Q & A With Shay Chen, founder and CEO of Painting Lulu
As the world becomes more and more digital, toymakers are finding integrative ways to involve their products in the realms of both the physical and the virtual.
Understanding that motor skill development is one of the top benefits of playing with traditional toys but noticing his eldest son longing to play with his iPad, Shay Chen, founder and CEO of Painting Lulu, decided to create a toy that would maintain the benefits of phsyical toys while integrating them with new technology.
The result was Sugar Lulu. Read about his journey, from the bud of an idea to the full bloom of a product, below.
Q. What career path did you originally envision for yourself? Did you ever anticipate working with children's products?
Coming from a software development background, I always had the passion for my own tech company. My first tech company, MSBit LTD, was established in late 2006 as an IT company. After a few successful years I had the passion for a tech product company- but if you had asked me back then, I never anticipated working with children products, but am very happy this is where I ended up.
Q. What aspect of the toy industry most surprised you when you first started?
I was a bit surprised that the Retail industry is a very traditional industry and doing business with the larger mass market retailers takes time, especially when comparing it to the Tech world.
Q. How did you come up with the idea for your first product?
Being a father of two boys (4 years and 5 months), I find myself looking for quality education toys for my kids. It was at the time that my older one started to grab my iPad when I was reading an article about the importance of keeping the 'old' traditional motor skills in kids today. Smart devices are great, but sometimes they replace the good old traditional skills like coloring in a coloring book.
I wanted a coloring book that can be used in both worlds, digital and physical.
Q. What steps did you need to take to go from the original spark of an idea to actual production? How long did it take?
At the beginning it was about long nights, thinking about the product's features and creating the first demo.
[First demo of app]
It took 1.5 years to establish a solid company that can create its own art, print, develop the app, distribute and sell the product.
Q. What were the top two or three most significant obstacles you had to overcome to achieve success, and how did you do it?
1) Coming up with art that is both educational and fun for kids. We did a lot of research and focus groups until we came up with Painting Lulu.
2) Distribution/marketing – we work with the best companies.
Q. If you had to start over, what would you do differently?
Absolutely nothing. I think that making mistakes is an essential part of developing a new product and learning along the way.
Q. What were the top two or three best pieces of advice you received and from who?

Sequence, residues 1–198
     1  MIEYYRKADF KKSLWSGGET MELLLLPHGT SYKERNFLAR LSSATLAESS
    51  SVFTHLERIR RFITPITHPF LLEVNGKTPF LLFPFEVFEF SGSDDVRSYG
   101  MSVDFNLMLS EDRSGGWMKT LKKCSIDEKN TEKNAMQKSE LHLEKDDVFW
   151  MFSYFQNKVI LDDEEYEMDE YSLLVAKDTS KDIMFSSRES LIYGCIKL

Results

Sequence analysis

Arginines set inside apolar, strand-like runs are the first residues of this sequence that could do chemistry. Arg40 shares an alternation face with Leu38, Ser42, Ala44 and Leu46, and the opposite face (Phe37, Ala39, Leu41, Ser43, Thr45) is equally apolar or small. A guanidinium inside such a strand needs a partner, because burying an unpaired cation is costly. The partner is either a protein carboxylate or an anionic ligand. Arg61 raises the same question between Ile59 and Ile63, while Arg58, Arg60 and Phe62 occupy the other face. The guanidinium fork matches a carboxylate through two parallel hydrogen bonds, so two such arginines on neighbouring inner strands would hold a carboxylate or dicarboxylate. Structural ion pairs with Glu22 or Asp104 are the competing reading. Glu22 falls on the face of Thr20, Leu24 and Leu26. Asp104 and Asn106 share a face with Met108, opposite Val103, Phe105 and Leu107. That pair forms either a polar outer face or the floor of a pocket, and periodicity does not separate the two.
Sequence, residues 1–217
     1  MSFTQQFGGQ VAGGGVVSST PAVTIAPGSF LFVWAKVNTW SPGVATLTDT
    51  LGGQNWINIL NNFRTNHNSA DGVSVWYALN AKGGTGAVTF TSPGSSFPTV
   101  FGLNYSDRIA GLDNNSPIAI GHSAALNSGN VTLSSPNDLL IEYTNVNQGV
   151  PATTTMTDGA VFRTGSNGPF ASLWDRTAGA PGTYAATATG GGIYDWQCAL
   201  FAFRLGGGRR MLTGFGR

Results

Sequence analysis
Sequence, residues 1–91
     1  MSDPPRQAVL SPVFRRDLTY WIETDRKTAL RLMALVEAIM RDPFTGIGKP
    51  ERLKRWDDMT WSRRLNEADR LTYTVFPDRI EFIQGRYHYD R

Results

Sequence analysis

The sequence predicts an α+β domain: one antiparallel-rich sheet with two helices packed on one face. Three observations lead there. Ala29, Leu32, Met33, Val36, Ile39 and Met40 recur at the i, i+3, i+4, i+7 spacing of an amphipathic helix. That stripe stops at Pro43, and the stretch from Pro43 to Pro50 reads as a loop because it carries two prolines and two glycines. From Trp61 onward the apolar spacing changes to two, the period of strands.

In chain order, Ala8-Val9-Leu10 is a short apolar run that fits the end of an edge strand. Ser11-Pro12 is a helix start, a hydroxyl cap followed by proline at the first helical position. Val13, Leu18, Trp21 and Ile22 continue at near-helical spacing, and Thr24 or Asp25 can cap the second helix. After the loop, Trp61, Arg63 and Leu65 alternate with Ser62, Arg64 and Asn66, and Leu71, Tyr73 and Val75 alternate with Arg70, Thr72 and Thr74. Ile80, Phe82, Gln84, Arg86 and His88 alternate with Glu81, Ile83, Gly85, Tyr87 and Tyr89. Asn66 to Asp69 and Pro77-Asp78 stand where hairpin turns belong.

1) I had a lot of luck getting Tal Zilberman to become a CO-FOUNDER at FlyCatcher. With a little help of a mutual friend we made it happened. He is truly a marketing genius. His advice and his strong knowledge in online marketing is the best thing that happened to FlyCatcher.
2) 'Focus on the core educational values of the product, that's something that parents will appreciate.' I always knew that this is important but sometime you need to hear it from someone else to make it happened.
Q. What do you consider to be your greatest accomplishment in the toy industry? Why?
From a business perspective, it was a great accomplishment when someone mistook Painting Lulu for a Crayola product. We love Crayola and it was such a compliment to be related to them.
We also once heard back from a mom who told us how much our product helped her and her son:
"For my child this was great. My son is Autistic and I struggle to get him to color. But he saw my older daughter 9 y.o. coloring. He walked over sat down and started to color. I would recommend this for any child that likes or hates to color. Great for therapy use too…"
Q. What unique quality makes your product better than your competition?
It is simple, we have the best product and the lowest price.
To deliver the best product, in everything we develop we always think of both parents and their kids. Our App works in almost every tablet, and we don't allow ads or annoying popups so parents will be certain their kids are safe when coloring with our App.
Q. How do you hope your products will affect children's lives?
As an example, we've heard from moms who purchased the Coloring Pack that their kids never wanted to color in a traditional coloring book. But with Painting Lulu they were able to balance their tablet time and their kids really loved coloring in both worlds. So we are happy to help parents balance their kids screen-time.
Q. What does your company have planned for 2015?
We are planning to have several licensed versions of the product and platform which will extend the world of Painting Lulu to other brands that kids Love.
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Justina Huddleston graduated Magna Cum Laude from Emerson College with a BA in Writing, Literature, and Publishing in 2009. After graduating she was the on-site director of the Boston Children's Museum gift store for a year, selling educational, developmental, and creative activity toys that tied in with the museum's exhibits. Justina also interned at children's book publisher Candlewick Press before moving from Boston to Los Angeles, where she is now Editorial Director of TDmonthly Magazine
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